<-- log_test.php Continue... -->
class TestOfLogging extends UnitTestCase{    
    function __construct(){
        parent::__construct('Log class test');
    function setUp(){
     //if setUp at the function beginning, then the test.log will be written in temp/ floder.
    function tearDown(){
     // if call tearDown on the bottom of the function again, the test.log will be deleted.
    function getFileLine($filename,$index){
        return $messages[$index];    
The next two functions are the actual testing functions.
The testCreatingNewFile function is used to test whether the test.log file created or not. The assertTrue() and assertFalse() are the library functions that are defined in the unit_tester.php. There are also many other assert functions in the simpletest library. They are listed below. Those assert functions are used to report the assertion and display a message. The messages should be set as the last parameter for every assert function.
<-- log_test.php Continue...  -->
    function testCreatingNewFile(){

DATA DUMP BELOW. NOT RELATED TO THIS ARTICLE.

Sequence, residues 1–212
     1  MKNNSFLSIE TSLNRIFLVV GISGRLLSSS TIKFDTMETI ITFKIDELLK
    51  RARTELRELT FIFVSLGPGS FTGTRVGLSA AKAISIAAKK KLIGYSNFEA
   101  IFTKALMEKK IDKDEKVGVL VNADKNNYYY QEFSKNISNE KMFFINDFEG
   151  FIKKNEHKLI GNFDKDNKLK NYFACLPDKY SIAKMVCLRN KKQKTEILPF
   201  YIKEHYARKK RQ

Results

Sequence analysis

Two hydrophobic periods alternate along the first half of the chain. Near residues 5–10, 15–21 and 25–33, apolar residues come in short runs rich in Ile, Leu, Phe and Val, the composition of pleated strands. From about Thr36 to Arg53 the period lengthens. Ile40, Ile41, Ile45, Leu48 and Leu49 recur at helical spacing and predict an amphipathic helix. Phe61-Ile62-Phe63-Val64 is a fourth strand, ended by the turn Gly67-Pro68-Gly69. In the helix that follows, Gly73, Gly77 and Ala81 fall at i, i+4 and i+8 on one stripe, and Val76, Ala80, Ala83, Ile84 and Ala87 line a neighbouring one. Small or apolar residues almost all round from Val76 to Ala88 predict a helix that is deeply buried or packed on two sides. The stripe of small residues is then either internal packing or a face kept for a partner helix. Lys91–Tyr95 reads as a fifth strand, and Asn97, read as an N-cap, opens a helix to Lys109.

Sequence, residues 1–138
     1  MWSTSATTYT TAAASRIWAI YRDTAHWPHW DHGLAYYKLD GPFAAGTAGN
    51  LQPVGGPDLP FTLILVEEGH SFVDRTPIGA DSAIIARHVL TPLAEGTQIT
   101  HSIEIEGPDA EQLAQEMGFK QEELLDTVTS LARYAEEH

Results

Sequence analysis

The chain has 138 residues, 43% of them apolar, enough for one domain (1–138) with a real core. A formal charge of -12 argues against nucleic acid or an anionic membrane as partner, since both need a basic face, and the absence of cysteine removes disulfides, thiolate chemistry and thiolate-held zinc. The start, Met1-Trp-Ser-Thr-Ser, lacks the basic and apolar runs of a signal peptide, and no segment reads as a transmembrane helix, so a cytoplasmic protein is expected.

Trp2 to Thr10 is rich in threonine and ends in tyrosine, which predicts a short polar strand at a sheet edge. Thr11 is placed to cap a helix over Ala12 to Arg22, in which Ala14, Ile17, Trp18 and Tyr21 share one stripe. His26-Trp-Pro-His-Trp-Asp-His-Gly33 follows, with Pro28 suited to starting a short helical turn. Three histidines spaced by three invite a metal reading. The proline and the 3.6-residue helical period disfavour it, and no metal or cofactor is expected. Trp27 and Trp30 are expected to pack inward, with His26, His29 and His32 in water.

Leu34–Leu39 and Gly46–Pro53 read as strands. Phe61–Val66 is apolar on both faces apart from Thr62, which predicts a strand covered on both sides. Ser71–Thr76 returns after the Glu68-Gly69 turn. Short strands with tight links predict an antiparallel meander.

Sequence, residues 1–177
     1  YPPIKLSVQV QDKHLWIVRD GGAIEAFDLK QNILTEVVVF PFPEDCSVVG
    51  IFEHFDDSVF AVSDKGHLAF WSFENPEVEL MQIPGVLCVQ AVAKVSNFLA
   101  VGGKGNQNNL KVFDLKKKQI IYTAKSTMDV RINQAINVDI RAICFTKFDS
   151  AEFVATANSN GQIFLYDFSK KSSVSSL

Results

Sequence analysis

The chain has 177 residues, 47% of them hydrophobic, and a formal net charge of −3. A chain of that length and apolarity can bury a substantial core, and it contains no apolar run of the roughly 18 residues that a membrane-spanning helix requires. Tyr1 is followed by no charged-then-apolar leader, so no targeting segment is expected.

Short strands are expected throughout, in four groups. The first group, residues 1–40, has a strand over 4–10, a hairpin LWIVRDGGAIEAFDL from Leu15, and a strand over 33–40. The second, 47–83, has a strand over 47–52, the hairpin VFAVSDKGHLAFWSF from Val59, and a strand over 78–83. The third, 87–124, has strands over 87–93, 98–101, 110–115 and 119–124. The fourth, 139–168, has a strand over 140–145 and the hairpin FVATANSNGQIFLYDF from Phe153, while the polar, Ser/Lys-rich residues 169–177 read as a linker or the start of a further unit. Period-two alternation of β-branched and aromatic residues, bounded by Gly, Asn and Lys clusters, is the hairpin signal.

$log=new Log('temp/test.log');
        $this->assertFalse(file_exists('temp/test.log'),'No file created'); 
       // if the file exists, the assertion will be fail. Otherwise, it will be true.
        $log->message('Should write this to a file');                    
       // create the test.log and write message into it.
        $this->assertTrue(file_exists('temp/test.log'),'File created');  
        // if the file exists, the assertion will be true. Otherwise, it will be fail.
The testAppendingToFile function is testing the contents of test.log.
<-- log_test.php Continue... -->
    function testAppendingToFile(){    
        $log=new Log('temp/test.log');
        $log->message('Test line 1');   // write the message into test.log